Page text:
For a video tutorial that introduces Fireworks basics, see click here. Also, watch this video by Steve Burnard, Adobe UK Product Manager, to know how to create beautiful designs for websites and mobile apps.
Draw and edit vector and bitmap objects
The Fireworks Tools panel includes distinct sections containing tools for drawing and editing vectors and bitmaps. The tool you select determines whether the object you create is a vector or a bitmap. After drawing an object or text, you can use a wide array of tools, effects, commands, and techniques to enhance your graphics or to create interactive navigation buttons.
You can also import and edit graphics in JPEG, GIF, PNG, PSD, and many other file formats.
Add interactivity to graphics
Slices and hotspots are web objects that specify interactive areas in a web graphic. Slices cut an image into exportable sections to which you can apply rollover behaviors, animation, and Uniform Resource Locator (URL) links. On a web page, each slice appears in a table cell.
Use the drag-and-drop rollover handles on slices and hotspots to quickly assign swap image and rollover behaviors to graphics. Use the Fireworks Button Editor and Pop-up Menu Editor to build special interactive graphics for navigating websites.
Optimize and export graphics
Use the powerful optimization features of Fireworks to achieve the right balance between file size and acceptable visual quality for exported graphics. The type of optimization you choose depends on the needs of your users and the content.
After you optimize your graphics, the next step is to export them for use on the web. From your Fireworks source PNG document, you can export files of a number of types, including JPEG, GIF, animated GIF, and HTML tables containing sliced images in multiple file types.
Vector and bitmap graphics
Computers display graphics in either vector or bitmap format. Understanding the difference between the two formats helps you understand Fireworks, which contains both vector and bitmap tools and is capable of opening or importing both formats.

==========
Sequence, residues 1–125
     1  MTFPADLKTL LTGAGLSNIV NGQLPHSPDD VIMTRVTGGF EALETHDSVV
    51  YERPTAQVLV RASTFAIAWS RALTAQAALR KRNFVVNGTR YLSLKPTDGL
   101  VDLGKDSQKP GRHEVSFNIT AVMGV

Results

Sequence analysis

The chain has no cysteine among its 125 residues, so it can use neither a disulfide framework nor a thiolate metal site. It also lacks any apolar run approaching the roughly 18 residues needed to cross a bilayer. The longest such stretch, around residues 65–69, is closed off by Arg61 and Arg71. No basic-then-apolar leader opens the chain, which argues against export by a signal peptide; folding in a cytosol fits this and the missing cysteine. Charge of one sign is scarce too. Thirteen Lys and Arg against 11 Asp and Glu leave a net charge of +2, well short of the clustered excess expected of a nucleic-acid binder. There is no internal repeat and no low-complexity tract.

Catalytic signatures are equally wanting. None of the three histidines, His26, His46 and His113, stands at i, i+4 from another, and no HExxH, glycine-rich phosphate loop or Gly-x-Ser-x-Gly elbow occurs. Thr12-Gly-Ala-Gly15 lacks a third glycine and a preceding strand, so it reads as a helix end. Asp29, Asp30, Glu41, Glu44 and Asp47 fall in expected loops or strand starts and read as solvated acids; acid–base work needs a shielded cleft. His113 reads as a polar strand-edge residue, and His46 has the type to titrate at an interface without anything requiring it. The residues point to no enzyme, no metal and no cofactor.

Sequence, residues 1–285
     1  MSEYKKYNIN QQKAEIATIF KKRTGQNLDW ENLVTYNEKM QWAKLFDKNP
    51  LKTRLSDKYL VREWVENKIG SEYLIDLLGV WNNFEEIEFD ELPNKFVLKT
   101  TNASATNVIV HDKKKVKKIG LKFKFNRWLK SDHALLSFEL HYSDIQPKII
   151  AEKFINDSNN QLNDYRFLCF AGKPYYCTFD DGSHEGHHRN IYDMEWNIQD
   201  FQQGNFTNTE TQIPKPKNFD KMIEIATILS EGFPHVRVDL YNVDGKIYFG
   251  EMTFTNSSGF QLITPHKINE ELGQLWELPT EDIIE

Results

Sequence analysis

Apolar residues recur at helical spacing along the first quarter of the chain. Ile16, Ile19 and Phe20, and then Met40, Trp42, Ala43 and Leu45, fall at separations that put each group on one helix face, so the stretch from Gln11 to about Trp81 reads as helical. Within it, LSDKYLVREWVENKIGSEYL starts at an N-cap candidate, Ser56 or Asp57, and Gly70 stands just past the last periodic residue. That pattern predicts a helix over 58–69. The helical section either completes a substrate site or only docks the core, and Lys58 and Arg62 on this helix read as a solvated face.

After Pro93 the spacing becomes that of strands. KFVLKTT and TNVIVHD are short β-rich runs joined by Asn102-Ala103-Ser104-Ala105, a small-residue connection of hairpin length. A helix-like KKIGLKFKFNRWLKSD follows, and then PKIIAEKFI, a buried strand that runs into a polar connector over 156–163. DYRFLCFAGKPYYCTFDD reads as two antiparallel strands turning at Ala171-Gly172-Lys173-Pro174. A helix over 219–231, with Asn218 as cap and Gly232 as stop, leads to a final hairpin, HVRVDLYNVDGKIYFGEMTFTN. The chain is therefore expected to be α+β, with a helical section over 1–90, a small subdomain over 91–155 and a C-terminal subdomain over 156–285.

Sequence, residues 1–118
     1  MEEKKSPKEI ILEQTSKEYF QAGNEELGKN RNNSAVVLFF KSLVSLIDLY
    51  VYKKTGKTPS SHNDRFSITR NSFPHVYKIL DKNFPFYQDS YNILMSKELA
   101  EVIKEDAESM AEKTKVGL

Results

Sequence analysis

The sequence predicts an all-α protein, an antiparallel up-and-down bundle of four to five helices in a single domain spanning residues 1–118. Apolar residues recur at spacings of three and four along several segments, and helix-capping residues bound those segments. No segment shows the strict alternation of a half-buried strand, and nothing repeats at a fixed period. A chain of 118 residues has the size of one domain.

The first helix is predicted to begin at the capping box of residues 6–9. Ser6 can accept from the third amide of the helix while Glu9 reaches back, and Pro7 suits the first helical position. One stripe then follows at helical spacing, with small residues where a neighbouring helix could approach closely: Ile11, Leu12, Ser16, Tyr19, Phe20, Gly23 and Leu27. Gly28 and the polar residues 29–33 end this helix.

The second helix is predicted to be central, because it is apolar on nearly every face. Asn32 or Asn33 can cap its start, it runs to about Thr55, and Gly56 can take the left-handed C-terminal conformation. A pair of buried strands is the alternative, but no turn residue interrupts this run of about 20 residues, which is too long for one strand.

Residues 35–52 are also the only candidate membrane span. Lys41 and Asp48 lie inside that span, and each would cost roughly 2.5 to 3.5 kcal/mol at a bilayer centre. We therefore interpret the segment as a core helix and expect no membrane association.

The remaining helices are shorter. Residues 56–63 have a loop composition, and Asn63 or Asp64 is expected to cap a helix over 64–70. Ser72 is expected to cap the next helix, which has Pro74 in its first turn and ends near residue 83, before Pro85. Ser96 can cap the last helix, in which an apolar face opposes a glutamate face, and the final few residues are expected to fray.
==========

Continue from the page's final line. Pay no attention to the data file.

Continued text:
About vector graphics
Vector graphics render images using lines and curves (vectors) that include color and position information. For example, the image of a leaf can be defined by a series of points that describe the outline of the leaf. The color of the leaf is determined by the color of its outline (the stroke) and the color of the area enclosed by the outline (the fill).
Vector graphics are resolution-independent. That means the quality of a vector graphic's appearance won't change when you change its color; move, resize, or reshape it; or when the resolution of the output device changes.
About bitmap graphics
Bitmap graphics are composed of dots (pixels) arranged in a grid. Your computer screen is a large grid of pixels. In a bitmap version of the leaf, the image is determined by the location and color value of each pixel in the grid. Each pixel is assigned a color. When viewed at the correct resolution, the dots fit together like tiles in a mosaic.
When you edit a bitmap graphic, you modify pixels rather than lines and curves. These bitmap graphics are resolution-dependent, which means that the data describing the image is fixed to a grid of a particular size. Enlarging a bitmap graphic redistributes the pixels in the grid, which can make the edges of the image appear ragged. Displaying a bitmap graphic on an output device with a lower resolution than the image itself can also degrade the image's quality.